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Electric vehicles (EVs) cost less to fuel, leave the atmosphere cleaner and help make us energy independent without compromising comfort safety or performance. As the only vehicles that produce zero tailpipe emissions, EVs make environmental sense.

decades of expertise

​Our EV expertise dates back to the 1960s when we were the first utility to commercialize quick-charging capabilities, reducing charging time from hours to minutes. We remain committed to helping EV owners get up to speed and safely plugged in.


thinking about buying an ev?
If you’re thinking about buying a plug-in EV, you’ll want to consider the electric impact on your home or business.
Some things to consider:
  • plug-in hybrid or battery electric car
  • how much you drive on a typical day
  • whether your home’s electrical panel and wiring are configured for charging your car battery
  • the best service plan for charging your car
  • the best time of day to charge your car
  • whether you need to hire a contractor or secure permits for any electrical upgrades

common terms

Our list of common terms will help you navigate the language of electric vehicles.

electric vehicle (ev)
a vehicle using a battery charged solely by the electric grid
hybrid electric vehicle (hev)
a vehicle that combines a battery recharged by a combination of dynamic braking with a traditional internal combustion engine
internal combustion engine
a traditional gas-powered vehicle
plug-in hybrid electric vehicle (phev)
an HEV that also can have its battery recharged from the grid
time-of-use service plan
an electric service plan designed to reward customers for shifting electric use away from times of peak demand, encouraging EV charging at night
vehicle-to-building (v2b)
a concept encouraging use of a vehicle’s battery as a source of back-up power or offset to a building’s electric load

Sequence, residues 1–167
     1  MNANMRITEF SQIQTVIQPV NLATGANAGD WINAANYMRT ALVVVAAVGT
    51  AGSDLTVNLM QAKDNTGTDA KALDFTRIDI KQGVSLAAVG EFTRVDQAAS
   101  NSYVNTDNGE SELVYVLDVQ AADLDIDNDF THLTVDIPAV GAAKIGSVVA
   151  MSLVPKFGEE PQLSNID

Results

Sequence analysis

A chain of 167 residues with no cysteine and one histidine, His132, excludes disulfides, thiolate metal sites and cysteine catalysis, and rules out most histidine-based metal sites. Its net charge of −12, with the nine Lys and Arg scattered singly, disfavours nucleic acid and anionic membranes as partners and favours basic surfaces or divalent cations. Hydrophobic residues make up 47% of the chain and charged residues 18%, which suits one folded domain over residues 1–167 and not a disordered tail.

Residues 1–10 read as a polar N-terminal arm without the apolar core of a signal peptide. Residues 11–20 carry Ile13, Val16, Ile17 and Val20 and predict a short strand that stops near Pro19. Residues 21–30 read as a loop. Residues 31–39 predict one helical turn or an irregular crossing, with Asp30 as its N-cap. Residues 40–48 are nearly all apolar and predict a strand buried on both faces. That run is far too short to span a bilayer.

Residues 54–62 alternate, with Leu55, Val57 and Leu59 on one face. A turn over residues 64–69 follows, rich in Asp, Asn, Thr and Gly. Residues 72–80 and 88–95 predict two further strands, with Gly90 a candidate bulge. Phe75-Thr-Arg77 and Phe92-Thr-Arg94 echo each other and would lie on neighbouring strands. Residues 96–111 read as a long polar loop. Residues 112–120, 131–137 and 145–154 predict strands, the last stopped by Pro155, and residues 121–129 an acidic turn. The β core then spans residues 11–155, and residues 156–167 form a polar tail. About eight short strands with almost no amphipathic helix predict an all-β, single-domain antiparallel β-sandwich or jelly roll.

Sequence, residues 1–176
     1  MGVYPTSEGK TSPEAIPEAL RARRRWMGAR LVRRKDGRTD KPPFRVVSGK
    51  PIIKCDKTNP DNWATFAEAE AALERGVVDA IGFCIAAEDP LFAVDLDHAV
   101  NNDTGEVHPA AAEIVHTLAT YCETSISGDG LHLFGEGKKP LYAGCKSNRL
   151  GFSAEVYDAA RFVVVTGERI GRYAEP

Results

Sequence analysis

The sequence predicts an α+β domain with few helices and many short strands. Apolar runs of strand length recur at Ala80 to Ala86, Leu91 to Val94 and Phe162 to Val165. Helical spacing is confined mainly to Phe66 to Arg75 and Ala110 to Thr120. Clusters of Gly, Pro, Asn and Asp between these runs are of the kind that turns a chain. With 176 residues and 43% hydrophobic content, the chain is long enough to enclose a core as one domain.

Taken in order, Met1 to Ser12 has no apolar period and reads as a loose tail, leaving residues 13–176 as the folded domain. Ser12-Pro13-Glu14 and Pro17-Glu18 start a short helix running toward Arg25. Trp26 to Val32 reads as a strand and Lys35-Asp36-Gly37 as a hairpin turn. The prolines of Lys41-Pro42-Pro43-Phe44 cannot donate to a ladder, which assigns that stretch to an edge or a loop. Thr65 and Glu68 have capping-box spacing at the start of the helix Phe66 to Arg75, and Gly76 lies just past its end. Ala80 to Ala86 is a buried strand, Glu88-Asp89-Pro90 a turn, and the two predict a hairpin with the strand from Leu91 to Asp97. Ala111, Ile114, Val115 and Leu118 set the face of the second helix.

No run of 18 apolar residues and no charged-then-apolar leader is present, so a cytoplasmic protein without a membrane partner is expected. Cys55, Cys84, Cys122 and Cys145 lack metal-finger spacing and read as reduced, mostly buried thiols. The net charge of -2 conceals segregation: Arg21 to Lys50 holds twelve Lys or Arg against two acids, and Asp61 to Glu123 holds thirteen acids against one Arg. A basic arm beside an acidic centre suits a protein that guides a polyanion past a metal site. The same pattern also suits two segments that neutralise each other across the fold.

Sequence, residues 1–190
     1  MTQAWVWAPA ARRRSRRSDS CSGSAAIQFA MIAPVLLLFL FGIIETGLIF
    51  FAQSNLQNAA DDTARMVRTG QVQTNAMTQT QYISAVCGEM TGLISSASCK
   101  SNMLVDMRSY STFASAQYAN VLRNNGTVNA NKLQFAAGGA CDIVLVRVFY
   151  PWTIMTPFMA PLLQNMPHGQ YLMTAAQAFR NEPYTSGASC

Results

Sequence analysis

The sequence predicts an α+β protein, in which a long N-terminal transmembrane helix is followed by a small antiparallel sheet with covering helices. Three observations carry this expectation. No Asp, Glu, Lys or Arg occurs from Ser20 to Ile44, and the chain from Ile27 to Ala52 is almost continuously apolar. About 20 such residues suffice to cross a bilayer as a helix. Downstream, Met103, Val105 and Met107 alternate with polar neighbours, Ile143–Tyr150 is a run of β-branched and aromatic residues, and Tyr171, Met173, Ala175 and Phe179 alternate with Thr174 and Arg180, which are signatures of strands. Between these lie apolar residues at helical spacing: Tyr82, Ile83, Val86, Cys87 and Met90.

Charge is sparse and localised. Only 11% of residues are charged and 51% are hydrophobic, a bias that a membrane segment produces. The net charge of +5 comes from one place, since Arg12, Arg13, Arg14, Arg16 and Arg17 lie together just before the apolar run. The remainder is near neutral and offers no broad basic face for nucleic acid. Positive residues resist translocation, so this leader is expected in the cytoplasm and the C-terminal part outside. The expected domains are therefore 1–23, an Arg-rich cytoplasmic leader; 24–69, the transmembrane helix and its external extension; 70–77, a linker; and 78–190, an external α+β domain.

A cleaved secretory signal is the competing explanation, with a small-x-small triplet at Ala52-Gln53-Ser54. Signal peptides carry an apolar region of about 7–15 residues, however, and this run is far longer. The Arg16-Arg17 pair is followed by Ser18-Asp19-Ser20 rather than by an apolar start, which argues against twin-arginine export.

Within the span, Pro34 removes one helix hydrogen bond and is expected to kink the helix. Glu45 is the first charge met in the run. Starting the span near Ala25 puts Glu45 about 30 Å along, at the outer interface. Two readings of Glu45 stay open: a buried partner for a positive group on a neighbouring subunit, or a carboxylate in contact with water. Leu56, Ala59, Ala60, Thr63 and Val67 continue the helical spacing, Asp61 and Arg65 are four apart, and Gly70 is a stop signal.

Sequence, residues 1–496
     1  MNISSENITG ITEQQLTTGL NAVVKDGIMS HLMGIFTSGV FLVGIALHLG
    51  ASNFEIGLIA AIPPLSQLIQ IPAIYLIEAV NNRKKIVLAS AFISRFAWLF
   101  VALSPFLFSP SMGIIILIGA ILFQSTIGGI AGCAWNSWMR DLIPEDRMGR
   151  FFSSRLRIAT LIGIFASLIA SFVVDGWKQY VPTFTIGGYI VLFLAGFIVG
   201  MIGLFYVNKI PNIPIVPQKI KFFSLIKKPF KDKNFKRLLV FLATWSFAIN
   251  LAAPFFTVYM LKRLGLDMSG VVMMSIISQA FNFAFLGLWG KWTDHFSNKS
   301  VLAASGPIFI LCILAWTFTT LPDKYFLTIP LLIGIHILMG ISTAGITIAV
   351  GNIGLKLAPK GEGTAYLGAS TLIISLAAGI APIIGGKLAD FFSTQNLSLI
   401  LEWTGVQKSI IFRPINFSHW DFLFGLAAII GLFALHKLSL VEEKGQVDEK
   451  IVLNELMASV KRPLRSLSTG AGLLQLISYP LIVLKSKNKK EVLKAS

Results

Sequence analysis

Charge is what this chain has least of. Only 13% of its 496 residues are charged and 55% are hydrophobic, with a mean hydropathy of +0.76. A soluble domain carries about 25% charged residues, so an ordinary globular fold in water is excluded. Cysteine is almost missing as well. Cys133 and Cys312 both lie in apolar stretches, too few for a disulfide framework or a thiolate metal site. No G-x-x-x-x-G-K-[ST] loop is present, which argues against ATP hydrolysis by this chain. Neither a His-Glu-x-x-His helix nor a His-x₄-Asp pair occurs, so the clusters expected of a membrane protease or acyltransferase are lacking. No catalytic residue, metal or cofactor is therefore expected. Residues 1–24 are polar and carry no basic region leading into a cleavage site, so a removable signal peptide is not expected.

kilowatt (kW)
a standard measure of electricity usage: 1kW = 1,000 watts; a typical home uses 5 to 6 kW of power on peak days
alternating current (ac)
a type of electric flow that periodically changes direction; electrical outlets in a typical U.S. home are AC.
direct current (dc)
a direct flow of electric charge
electric vehicle supply equipment (evse)
a power control station or equipment required to charge an EV
level 1 charge
basic charging type using a standard household plug (120 volts AC, 15-20 amp circuit); charging typically takes 8 to 12 hours at 1 to 2 kW of peak demand
level 2 charge
240 volts AC, 40 amp circuit charging station; charging typically takes 4 to 6 hours at 6 to 8 kW of peak demand (expected to be the primary residential application)
level 3 charge or dc fast charge
480 volts AC, three-phase service where 50% of a battery can be recharged within 10 to 15 minutes, up to 200 kW of peak demand.
ev initiatives
From supporting the installation of charging stations throughout Arizona to helping you locate and install your own charging station, we are committed initiatives promoting the adoption of EVs.

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learn more about electric vehicles was established by leading automakers, utilities (including APS), battery and charging manufacturers to educate consumers, policymakers and key industry sectors on the benefits of plug-in electric vehicles. You’ll find all the information you need about owning and operating an electric car, including types of plug-in electric vehicles, charging, costs, incentives, benefits and more.

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